ANNOUNCER: Teachers, make the most of CNN NEWSROOM with our free daily classroom guide to the program. There you'll find a rundown of each day's show so you choose just the program segments that fit your lesson plan. Plus, there are discussion questions and activities, and the guide highlights key people, places and news terms. Each day, find hot links to other online resources and previews of upcoming desk segments. It's all at this Web address, where you can also sign up to have the guide automatically e-mailed directly to you each day. It's easy, it's free, it's your curriculum connection to the news. After all, the news never stops, and neither does learning.

HAYNES: We take you on a treasure hunt in "Worldview." Our adventures lead us to Asia and Africa. In Cambodia, we're on the trail of some stolen art. And jewels grab the attention in two African nations.

WALCOTT: Our first stop is Madagascar. The African country is the fourth largest island in the world. It's located in the Indian Ocean about 240 miles or 360 kilometers southeast of the African mainland. Tiny islands nearby also make up the country. Madagascar is one of the poorest nations in the world. To make matters even more difficult, the country is trying to recover from a trio of devastating cyclones. Many of its people are farmers. Some grow rice while others herd cattle. And these days, many are desperately trying to harvest something else: sapphires.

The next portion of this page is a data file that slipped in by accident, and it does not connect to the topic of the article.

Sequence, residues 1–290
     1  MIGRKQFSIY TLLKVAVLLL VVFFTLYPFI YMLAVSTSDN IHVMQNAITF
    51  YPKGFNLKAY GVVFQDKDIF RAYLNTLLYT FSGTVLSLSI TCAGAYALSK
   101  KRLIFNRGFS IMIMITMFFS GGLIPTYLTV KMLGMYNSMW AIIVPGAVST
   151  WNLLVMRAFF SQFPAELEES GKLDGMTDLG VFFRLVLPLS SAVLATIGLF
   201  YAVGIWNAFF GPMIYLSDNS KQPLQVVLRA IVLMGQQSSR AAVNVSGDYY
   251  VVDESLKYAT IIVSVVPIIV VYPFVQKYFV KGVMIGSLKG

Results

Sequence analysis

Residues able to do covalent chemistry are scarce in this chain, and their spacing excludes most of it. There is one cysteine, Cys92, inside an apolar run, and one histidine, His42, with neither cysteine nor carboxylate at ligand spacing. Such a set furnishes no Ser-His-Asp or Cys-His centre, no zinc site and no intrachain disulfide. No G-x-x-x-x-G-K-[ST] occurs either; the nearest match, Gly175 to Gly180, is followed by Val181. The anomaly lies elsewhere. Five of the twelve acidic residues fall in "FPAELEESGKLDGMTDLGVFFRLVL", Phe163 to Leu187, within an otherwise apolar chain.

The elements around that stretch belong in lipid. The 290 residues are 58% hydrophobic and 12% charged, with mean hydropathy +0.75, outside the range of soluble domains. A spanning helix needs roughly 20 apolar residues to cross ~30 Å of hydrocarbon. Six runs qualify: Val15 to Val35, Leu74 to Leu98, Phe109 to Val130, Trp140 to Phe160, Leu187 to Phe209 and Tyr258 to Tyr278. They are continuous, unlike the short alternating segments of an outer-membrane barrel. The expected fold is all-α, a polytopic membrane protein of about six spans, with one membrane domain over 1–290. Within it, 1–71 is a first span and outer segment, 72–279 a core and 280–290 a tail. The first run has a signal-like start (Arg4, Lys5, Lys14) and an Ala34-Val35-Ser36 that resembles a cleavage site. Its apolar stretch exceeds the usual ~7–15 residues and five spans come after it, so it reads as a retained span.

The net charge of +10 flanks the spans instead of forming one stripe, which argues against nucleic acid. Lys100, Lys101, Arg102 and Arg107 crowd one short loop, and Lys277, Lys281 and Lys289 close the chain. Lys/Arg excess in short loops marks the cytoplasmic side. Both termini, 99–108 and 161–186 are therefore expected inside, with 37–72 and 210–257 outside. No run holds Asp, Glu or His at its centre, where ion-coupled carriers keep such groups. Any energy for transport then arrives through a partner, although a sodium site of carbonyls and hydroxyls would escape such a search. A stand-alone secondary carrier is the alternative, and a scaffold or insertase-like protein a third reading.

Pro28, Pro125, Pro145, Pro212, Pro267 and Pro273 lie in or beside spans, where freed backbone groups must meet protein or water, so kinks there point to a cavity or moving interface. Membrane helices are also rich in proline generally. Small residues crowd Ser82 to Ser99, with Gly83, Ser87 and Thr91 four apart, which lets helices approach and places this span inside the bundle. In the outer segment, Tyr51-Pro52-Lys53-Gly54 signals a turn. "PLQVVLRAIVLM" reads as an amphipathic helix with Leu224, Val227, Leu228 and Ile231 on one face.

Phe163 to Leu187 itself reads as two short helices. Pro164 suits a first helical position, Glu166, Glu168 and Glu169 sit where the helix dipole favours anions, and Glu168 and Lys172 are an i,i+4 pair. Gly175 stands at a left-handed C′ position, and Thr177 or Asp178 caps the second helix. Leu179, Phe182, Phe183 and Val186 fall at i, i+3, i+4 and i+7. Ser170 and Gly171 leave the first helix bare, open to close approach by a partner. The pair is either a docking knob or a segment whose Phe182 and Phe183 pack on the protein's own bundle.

The precious gem was recently discovered in the southern part of the country. And with it, the hope for better days ahead.

Charlayne Hunter-Gault reports.


CHARLAYNE HUNTER-GAULT, CNN CORRESPONDENT (voice-over): From afar, it looks like the desert mirage; closer in, the California gold rush. Only it isn't gold they're digging for, it's sapphires.

Somewhere down in this hole is 24-year-old Kifra Rajoelison (ph), previously unemployed, digging because he says it's the only way to make money -- not much so far. Likewise this, 26-year-old physics student, college career on hold.

(on camera): Like many others, these diggers have come from hundreds of miles away -- most of them young, most of them poor, most of them knowing that there are no jobs in their future in this country, most of them hoping to strike it rich so that they will have a future.

(voice-over): A future in a country where yearly income is around $260 but where the majority have no income at all. This mother of two small boys is earning just enough to convince her and her husband to stay a few more months, despite conditions where diggers wash their sapphires, bathe, drink, and get their water for cooking out of this increasingly polluted river; also, housing like this.

But still, they come, swelling this town from 25 households to upwards of 150,000 people, all pinning their hopes on gem dealers like these from as far away as Thailand.

UNIDENTIFIED MALE: I think it's the best place in the world.

HUNTER-GAULT: For them, perhaps, where some say they buy up to $15 million in gems in two weeks. But diggers say they are being exploited, being paid peanuts while the outsiders reap the big profits. Initially slow to act, the government is now trying to address this and other issues.

TANTELY ANDRIANANARIVO, PRIME MINISTER, MADAGASCAR: We really want people to have -- to share the exact value of what has been produced in this area, and this might take some time.

HUNTER-GAULT: Not long ago, Ilakaka looked like this. Now, with the promise of more gems in these here hills, this could look more like Ilakaka any day now.

Charlayne Hunter-Gault, CNN, Ilakaka, Madagascar.


HAYNES: From Madagascar to the war-ravaged Sierra Leone. A small country in western Africa, Sierra Leone was a British colony until 1961 when it gained its independence. But it has remained a member of the Commonwealth of Nations.